The Internet Would Like You to Stop With All the Cat-Video Talk

The whole the Internet-is-for-cats thing? Such a cliche. 
Nyan Cat, ur-cat of the Internet ( Screenshot from YouTube )

ASPEN, Colo.—It is a truth universally acknowledged that a single news consumer in possession of a free minute must be in want of a cat video. 

The whole Internet-and-cats thing—a meta-meme about the mystic makeup of the Internet itself—is one of the stickiest there is when it comes to discussions of the World Wide Web. The Internet loves its cats! The cats love their Internet! The kitty cliches write themselves: The greatest collection of knowledge that humanity has ever assembled—a collection of information and emotion that puts any previous effort to shame—is, on top of everything else, an enormous litter box. 

Jon Steinberg is no stranger to this, um, purrfect storm of Internet memery. Steinberg is now the CEO of the Daily Mail in North America. He was formerly the president and COO of Buzzfeed. He knows his cat videos. And during a discussion at the Aspen Ideas Festival, put on by the Aspen Institute and The Atlantic, Steinberg parted ways with the ultimate Internet cliche, imploring the audience to end their assumptions about a feline-ified Internet. It is more than cats! he said. It is also, while we're at it, more than GIFs! It is more than quizzes! It is more than all the other trivialities that those who enjoy criticizing the Internet as an epistemological entity like to offer as evidence for their criticism!   

"It's almost as if 100 years ago," Steinberg said of the cat-video criticism, "all people did was read hard news—and now, suddenly, all they do is read entertainment news."

Not so, of course. "Since the dawn of time," Steinberg said, melodramatically and probably correctly, "there has been a much larger appetite for entertainment than there has been for hard news." People have always gotten their Serious Information with a side of whimsy. Web-based news environments—like Buzzfeed's, like the Daily Mail's, and also like The New York Times's and The Atlantic's—may give us more outlets for that whimsy, but the basic dynamics haven't changed.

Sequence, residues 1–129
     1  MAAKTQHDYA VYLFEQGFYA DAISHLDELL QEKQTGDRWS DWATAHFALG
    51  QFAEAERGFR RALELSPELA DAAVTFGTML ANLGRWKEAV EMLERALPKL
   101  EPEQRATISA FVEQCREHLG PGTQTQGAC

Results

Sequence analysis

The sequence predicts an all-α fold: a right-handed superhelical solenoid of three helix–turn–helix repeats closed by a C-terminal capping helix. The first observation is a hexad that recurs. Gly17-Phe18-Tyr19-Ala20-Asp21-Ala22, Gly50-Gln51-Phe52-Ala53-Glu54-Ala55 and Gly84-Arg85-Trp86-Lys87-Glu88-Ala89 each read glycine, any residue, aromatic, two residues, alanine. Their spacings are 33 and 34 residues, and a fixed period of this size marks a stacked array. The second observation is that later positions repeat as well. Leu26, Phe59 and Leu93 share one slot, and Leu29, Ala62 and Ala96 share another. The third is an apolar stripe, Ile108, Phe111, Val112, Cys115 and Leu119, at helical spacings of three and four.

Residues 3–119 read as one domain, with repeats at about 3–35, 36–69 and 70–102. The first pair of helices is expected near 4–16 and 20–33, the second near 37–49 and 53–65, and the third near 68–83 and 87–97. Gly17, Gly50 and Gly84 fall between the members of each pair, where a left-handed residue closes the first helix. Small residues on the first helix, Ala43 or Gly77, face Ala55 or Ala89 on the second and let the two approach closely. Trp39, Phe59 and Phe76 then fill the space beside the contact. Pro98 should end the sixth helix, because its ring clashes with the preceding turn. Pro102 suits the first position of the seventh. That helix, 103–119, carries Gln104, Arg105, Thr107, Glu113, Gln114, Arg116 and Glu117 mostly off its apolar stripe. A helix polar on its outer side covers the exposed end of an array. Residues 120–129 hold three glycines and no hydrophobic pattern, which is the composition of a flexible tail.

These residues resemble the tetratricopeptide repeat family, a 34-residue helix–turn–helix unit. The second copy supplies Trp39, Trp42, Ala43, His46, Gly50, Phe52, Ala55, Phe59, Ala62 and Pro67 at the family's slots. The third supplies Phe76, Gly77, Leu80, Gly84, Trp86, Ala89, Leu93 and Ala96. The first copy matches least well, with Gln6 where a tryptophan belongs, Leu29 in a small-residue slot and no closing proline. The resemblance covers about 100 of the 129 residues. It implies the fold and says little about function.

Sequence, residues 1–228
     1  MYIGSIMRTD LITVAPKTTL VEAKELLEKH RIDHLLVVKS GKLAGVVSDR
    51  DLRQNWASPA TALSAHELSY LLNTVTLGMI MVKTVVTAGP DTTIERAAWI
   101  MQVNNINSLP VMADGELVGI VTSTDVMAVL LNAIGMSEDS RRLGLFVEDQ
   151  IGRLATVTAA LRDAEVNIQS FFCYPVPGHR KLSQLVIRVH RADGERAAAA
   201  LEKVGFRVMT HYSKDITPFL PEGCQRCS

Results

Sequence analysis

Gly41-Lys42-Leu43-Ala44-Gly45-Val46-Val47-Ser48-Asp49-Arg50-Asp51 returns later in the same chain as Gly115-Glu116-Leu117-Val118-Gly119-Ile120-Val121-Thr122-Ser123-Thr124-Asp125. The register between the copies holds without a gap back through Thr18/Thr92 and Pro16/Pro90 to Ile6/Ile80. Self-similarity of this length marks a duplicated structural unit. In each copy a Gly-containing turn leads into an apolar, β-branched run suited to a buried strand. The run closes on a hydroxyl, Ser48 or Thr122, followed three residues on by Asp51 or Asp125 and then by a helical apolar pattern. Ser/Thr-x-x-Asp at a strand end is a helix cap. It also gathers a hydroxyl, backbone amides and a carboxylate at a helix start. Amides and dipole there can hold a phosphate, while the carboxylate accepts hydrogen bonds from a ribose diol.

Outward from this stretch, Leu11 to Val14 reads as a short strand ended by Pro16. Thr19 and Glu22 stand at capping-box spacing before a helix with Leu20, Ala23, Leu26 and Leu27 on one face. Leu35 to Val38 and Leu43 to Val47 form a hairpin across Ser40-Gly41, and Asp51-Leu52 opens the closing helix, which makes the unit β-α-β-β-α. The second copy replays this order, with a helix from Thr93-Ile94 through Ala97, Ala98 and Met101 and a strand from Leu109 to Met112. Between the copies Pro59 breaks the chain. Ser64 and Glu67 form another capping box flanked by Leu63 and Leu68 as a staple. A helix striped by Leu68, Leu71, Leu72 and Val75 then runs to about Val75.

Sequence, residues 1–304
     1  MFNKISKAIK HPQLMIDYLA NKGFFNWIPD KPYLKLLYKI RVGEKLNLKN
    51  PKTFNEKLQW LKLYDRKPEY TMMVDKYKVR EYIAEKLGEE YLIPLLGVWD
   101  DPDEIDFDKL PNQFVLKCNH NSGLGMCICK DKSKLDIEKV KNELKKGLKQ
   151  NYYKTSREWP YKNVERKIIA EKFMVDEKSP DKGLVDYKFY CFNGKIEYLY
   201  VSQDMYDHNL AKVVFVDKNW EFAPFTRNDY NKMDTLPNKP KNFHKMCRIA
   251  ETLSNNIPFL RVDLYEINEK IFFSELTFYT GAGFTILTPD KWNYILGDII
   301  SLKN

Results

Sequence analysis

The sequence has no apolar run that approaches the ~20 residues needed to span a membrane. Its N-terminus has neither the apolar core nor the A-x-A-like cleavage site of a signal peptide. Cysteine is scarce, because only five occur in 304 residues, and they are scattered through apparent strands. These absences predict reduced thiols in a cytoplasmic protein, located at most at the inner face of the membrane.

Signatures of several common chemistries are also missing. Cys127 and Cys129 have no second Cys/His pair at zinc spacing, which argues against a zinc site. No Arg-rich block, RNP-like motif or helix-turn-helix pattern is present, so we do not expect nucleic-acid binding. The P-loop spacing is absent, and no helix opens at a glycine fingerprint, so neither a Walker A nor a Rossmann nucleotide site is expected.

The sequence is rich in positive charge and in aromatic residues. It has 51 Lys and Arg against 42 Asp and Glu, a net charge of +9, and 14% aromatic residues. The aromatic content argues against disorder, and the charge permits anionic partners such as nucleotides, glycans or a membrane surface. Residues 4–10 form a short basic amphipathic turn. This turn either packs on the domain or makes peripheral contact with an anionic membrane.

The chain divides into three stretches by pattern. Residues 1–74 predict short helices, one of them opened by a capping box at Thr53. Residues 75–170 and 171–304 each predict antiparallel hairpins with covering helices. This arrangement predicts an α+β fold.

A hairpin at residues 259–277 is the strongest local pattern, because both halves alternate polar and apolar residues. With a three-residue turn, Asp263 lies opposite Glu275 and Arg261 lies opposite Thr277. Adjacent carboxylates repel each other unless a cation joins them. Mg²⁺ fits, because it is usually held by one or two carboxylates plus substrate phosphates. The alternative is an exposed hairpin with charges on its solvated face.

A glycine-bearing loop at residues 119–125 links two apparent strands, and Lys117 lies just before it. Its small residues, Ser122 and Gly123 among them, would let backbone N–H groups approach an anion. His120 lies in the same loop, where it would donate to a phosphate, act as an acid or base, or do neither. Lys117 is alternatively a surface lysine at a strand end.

We have always, on some level, had cat videos. 

And: "There's nothing wrong with that," Steinberg continued. In fact, news outlets' ability to provide their readers with entertainment is a good thing. "Life is incredibly difficult, and people have enormous challenges that impact them from day to day, and they need some pleasant way to get away from it and enjoy themselves," Steinberg said. "That doesn't meant that they don't care about hard news, but it means that there's a bigger appetite for entertainment."

Which is also to say: There's a bigger appetite for cat videos. And it's also to say that... well, that should be no cause for concern. Because, though there may be more entertainment options out there—there may be more cat videos—there's also more hard news. David Leonhardt, a Times reporter and the moderator of Steinberg's session, declared that, when it comes to information availability in the Internet age, "if anything, things are getting better." 

"Way better!" Steinberg replied. "There's way more hard news consumed now than I think ever before." 

Presented by

Megan Garber is a staff writer at The Atlantic. She was formerly an assistant editor at the Nieman Journalism Lab, where she wrote about innovations in the media.

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